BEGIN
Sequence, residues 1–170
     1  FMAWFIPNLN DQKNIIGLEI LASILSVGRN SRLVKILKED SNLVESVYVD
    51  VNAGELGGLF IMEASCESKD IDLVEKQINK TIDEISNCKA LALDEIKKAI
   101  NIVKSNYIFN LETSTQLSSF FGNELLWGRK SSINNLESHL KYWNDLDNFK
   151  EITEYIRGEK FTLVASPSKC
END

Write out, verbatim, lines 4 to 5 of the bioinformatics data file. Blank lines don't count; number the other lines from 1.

   101  NIVKSNYIFN LETSTQLSSF FGNELLWGRK SSINNLESHL KYWNDLDNFK
   151  EITEYIRGEK FTLVASPSKC